HOW GROUPS REACH AGREEMENT IN RISKY CHOICES: AN EXPERIMENT

Authors

  • JINGJING ZHANG,

    1. Zhang: Assistant Professor, Institute for Empirical Research in Economics, University of Zurich, Blümlisalpstrasse 10, Zürich CH-8006, Switzerland. Phone +41-44-634-5562, Fax +41-44-634-4907, E-mail zhang148@gmail.com
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  • MARCO CASARI

    1. Casari: Associate Professor, Department of Economics, University of Bologna, Piazza Scaravilli 2, Bologna 40126, Italy. Phone +39-51-209-8662, Fax +39-51-209-8493, E-mail marco.casari@unibo.it
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    • This project was developed while both authors were at Purdue University, which provided an excellent research environment. We are grateful to Christine Jackson for her support and contribution of ideas. We thank Anya Savikhin for valuable research assistance, Tim Cason for comments on an earlier version of the paper as well as seminar participants at the IMEBE meeting in Alicante, Spain, CapuaLabSì meeting, Italy, ESA meeting in Lyon, France. Two anonymous referees made useful suggestions. J.Z. wishes to thank McMaster University for support during her post-doc when the paper was completed.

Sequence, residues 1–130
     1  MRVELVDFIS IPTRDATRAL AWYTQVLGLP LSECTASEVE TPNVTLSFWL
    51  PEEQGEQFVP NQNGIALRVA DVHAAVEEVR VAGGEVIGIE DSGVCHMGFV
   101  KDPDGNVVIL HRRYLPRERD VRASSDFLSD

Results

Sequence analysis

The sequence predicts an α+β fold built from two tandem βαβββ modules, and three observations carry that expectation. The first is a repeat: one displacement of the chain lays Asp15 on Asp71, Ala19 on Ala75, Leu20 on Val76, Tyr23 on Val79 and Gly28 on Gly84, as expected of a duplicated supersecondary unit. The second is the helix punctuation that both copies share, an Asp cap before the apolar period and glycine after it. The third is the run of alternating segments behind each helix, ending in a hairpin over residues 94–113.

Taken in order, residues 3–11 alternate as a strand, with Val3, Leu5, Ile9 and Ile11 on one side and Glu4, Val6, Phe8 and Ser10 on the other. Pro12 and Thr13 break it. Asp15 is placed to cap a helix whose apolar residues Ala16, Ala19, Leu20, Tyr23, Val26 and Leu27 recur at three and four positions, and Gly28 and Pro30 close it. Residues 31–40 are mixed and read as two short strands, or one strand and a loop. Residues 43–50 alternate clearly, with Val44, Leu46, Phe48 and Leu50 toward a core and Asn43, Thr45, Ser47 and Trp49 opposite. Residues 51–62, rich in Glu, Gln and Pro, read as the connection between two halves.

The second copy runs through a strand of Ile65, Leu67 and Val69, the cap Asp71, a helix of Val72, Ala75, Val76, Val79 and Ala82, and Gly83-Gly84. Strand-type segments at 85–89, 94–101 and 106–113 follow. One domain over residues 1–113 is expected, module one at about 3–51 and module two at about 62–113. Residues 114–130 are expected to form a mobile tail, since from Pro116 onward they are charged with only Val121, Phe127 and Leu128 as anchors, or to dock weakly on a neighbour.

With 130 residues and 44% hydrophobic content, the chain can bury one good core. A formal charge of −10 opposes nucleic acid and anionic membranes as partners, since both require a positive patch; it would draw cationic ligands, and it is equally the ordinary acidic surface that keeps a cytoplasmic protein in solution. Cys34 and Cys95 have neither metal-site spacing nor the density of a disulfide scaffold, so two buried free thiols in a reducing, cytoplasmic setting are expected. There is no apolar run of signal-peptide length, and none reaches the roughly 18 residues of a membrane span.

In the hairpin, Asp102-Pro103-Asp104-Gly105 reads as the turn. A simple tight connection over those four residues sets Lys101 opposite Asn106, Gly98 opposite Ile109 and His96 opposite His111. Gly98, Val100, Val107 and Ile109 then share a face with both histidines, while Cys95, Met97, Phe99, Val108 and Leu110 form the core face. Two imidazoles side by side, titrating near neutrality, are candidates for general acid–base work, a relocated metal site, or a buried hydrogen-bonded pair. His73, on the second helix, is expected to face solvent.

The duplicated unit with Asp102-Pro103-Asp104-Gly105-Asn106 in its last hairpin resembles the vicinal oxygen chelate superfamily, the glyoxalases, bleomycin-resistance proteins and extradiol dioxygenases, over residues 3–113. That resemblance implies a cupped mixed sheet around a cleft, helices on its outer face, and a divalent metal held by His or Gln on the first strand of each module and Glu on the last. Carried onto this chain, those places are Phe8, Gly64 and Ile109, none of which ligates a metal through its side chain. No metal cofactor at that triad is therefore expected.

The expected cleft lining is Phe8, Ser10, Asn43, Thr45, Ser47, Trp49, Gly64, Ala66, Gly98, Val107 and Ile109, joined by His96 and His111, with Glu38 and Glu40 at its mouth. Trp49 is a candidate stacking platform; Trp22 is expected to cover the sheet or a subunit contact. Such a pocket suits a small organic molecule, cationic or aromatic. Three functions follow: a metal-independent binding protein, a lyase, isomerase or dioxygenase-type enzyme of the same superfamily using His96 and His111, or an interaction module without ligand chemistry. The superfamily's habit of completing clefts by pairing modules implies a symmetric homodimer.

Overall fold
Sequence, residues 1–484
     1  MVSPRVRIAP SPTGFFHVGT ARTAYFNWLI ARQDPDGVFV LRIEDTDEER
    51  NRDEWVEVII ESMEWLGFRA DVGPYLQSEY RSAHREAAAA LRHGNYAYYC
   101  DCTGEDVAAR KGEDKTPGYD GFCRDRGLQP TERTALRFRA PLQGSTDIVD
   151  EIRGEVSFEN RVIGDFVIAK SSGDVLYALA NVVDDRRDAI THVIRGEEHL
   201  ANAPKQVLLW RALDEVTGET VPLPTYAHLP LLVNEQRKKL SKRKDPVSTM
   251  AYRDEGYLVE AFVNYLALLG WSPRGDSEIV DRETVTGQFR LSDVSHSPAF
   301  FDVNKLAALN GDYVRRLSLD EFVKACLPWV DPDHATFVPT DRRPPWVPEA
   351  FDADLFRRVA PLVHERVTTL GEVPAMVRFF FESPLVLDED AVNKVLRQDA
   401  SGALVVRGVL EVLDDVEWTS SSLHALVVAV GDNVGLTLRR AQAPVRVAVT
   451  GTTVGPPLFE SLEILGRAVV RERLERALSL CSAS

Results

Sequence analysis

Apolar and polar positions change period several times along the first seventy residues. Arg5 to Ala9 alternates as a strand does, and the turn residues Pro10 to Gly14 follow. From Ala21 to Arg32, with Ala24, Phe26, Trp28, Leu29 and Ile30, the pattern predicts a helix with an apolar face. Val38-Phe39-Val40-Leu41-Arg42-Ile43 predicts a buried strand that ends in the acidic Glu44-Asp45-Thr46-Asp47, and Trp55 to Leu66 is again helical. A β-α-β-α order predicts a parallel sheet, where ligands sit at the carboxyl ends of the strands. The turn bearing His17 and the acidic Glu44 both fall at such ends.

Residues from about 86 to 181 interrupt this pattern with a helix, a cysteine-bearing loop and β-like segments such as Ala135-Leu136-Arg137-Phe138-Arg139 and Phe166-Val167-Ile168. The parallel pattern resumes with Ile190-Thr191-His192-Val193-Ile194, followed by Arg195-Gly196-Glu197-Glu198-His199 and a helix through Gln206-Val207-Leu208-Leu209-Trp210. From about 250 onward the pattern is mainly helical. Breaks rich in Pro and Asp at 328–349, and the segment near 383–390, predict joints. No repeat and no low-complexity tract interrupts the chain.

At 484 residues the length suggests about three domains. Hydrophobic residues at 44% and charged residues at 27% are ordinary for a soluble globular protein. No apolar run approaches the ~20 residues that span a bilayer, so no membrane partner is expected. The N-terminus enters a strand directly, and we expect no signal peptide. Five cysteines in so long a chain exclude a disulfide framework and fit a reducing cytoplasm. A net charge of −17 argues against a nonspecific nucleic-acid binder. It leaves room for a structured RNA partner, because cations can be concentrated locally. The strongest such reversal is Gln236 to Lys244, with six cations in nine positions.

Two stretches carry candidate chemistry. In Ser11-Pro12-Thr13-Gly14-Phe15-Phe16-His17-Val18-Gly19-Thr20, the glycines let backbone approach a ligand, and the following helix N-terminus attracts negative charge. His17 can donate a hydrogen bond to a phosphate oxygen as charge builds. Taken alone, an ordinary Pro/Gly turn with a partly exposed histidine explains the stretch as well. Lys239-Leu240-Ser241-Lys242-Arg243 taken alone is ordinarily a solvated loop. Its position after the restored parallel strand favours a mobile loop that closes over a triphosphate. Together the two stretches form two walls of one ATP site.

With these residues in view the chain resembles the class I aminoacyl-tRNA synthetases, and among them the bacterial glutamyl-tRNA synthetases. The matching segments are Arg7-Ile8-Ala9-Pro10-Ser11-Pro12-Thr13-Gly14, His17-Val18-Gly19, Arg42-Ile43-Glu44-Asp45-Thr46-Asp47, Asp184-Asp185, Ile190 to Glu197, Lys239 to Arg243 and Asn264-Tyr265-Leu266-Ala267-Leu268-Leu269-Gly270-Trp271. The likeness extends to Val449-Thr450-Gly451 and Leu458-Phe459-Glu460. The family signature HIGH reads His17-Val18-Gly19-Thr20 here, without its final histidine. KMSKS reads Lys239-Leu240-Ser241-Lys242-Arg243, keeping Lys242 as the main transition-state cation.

Abstract

This paper studies how groups resolve disagreement in lottery choices. In an experiment, subjects submit individual proposals, exchange chat messages, and must reach unanimity. Overall, group choices are more coherent and closer to risk neutrality than individuals'. The proposal of the minority prevails in about one instance out of five. About one third of the groups do not reach immediate agreement after communication. In these groups, extrovert subjects are more likely to lead the group outcome than confused or conscientious subjects. The amount, equality, and timing of chat messages help us to predict which choice prevails in the group. (JEL C92, D81)

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